There are many parties and celebrations in the evenings, the maid told me
You should go out. Join the fun. Enjoy yourself.
Whatever excuse I made to her must have sounded unconvincing because the
following day she told me that I was invited to a party in a villa from which, every
night, came the sounds of music and dancing. She also cleaned there and had
somehow obtained the invitation for me.
I am from the West, I told her, Im British. That could be a problem.
Its no problem. Not for the couple who have this villa. I told them and they
want to meet you.
I was surprised and curious. And so, that evening I came back from the slopes,
took a shower, changed, and made my way to the villa with the lights and the music.
The maid had told me that there would be food and so I cancelled dinner.

Ronald Mackay
A Scotsman Abroad:
A Book of Memoirs 1967-1969.
Spicuiri din istoria Catedrei de Englez a Universitii Bucureti.
I went up the wooden steps to the porch along with othersmostly couples my
own age or a little older. I was met by the same smiling maid, in a crisp new uniform.
Without a word, she escorted me to meet my hosts. Sic and Anica Stevoiu, in their
late 20s, greeted me warmly.
We heard about the solitary Englishman! We wanted to meet you. I was in
the company of the kind of people I had never met before. They introduced themselves
using both their given names and their surnames.
To give myself time to stake stock I explained that if I called them
Transylvanians, I would be making the same mistake as they were making by calling
me English. The ensuing discussion took several minutes and by the time the matter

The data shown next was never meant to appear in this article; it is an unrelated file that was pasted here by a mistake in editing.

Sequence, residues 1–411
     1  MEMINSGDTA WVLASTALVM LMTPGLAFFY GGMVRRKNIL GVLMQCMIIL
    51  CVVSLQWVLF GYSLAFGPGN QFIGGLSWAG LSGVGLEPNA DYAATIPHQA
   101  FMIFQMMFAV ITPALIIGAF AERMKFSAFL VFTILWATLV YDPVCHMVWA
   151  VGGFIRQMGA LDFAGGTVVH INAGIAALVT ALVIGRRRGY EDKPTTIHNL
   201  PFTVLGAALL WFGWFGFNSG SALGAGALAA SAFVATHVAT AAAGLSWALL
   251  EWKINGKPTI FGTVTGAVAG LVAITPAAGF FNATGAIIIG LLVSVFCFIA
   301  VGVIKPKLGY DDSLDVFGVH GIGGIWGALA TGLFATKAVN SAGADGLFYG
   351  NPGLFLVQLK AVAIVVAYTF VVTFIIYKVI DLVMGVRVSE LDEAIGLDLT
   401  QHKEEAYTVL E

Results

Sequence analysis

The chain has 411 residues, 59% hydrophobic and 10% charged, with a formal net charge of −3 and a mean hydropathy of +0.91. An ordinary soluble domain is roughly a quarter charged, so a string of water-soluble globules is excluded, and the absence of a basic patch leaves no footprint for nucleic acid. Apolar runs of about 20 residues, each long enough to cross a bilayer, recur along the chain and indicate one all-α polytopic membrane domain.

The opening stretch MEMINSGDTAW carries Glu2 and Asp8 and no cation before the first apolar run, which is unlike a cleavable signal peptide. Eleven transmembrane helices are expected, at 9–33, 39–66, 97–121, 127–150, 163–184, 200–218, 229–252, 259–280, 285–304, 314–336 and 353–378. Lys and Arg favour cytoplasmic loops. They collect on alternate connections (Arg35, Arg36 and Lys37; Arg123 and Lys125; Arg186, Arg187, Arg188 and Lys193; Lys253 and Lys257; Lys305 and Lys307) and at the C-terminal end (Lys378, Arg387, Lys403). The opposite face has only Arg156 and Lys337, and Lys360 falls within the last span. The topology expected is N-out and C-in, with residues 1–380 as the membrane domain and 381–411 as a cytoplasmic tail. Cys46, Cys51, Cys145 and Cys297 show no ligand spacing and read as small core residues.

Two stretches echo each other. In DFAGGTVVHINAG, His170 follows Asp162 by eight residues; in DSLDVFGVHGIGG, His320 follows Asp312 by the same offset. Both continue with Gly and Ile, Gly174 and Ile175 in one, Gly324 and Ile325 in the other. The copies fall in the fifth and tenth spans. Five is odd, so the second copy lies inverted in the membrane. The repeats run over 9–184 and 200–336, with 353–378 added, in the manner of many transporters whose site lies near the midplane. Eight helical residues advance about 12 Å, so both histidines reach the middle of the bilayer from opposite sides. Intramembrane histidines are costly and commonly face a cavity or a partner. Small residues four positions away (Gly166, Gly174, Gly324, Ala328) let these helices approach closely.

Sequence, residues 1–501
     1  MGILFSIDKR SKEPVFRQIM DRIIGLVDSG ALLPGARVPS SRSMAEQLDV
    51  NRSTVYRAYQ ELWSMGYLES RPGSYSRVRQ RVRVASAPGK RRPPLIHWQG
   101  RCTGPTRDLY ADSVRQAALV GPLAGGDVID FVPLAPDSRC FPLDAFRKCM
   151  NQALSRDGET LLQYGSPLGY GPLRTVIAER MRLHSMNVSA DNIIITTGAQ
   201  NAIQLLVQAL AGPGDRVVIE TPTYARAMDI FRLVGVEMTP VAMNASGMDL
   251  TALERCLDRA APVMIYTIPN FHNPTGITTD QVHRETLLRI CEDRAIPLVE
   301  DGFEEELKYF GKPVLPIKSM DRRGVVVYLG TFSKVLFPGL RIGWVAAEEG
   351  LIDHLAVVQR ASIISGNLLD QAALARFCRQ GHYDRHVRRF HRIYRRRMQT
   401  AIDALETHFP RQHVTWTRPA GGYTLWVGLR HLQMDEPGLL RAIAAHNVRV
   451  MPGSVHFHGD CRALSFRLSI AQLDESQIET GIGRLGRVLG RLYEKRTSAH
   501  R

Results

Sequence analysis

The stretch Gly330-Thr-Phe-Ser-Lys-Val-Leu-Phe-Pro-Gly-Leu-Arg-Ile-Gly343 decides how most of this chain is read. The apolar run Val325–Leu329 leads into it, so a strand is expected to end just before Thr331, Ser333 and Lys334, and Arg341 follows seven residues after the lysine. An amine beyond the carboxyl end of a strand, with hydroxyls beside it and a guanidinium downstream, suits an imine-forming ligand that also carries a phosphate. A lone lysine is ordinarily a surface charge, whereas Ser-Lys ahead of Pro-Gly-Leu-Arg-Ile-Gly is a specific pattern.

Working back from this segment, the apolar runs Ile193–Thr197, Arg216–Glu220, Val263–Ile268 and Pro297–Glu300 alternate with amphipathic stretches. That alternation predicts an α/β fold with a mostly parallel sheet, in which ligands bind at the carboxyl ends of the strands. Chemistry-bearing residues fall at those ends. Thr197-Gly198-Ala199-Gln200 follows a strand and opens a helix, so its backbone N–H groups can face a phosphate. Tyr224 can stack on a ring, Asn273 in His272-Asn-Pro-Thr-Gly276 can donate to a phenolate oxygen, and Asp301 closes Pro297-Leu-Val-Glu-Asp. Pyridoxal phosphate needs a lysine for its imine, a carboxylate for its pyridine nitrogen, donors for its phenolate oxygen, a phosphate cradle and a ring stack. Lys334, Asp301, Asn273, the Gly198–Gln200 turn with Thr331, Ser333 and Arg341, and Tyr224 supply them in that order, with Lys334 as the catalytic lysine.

was resolved to everybodys satisfaction, I felt less uncertain about my new
Sic and Anica examined me but not as if assessing how I could be useful to
themrather the oppositethey appeared to want to serve me, to offer hospitality,
introductions to their friends, to make me feel at home. They had no reservations
about my being from the West. There was food and drink aplenty. In my villa, meals
were scanty, more plate than food. But not in Sic and Anica Stevoius villa.
Sic excused himself and went off to greet new guests. Anica wanted me to
herself and drew me aside into a quiet corner. She asked me lots of personal questions
in a friendly, even motherly, sort of way. The expression on her rather lovely face
suggested that she couldnt imagine a person coming to Sinaia and spending the
evenings alone in his room. Sinaia was for mixing, dancing, laughing, having fun.
By this time, with 18 months in the country, Id come to trust my intuitions to
a great extent and decided that Anica wasnt Securitate. In the room, I had, I was
certain, spotted Securitate agents. They remained low-key but made little attempt to
mix. Whereas the guests were dressed informally the agents kept their suit jackets
onto conceal their pistols, I was sureand tended to stand silently by the doors and
the staircase without mixing and occasionally exchanging low whispers with one
I had a feeling similar to that Id experienced when M had taken me to the

Ronald Mackay
A Scotsman Abroad:
A Book of Memoirs 1967-1969.
Spicuiri din istoria Catedrei de Englez a Universitii Bucureti.
crypt of the Cenua and before I understood where I was. In this villa, I was out of my
depth with few firm points of reference. I saw things I recognized but I couldnt put
them together to come up with the whole picture. Key elements seemed to be missing.
Like most Romanians I met, Anica was highly intuitive and seemed to guess
that I was bewildered. With her body disconcertingly close to mine, she proceeded to
My father was a director of national security.
It was with enormous difficulty that I displayed no overt reaction. Over the
past 18 months Id done my level best to avoid, hinder, frustrate and obstruct the
Securitate and now, here I was, in a beautiful villa in the Prahova Valley with my
beloved Carpathians rising above us, in the company of the daughter of one of the
directors of that detested institution and to booton the point of helpless infatuation.
She went on, My father died, but my mother and I and the family continue to
enjoy privileges.
Some of these I could already see; I would find out there were many more.
When, a couple of days later, I told the Stevoius I was going back to Bucharest,
Anica insisted I not take the train.
Our driver has nothing to do. I will have him take you back! She refused to
take no for an answer.
Thats how I came to be speeding across the Wallachian Plain that separated
the Prahova Valley from Bucharest in the plush back seat of an enormous, shiny, black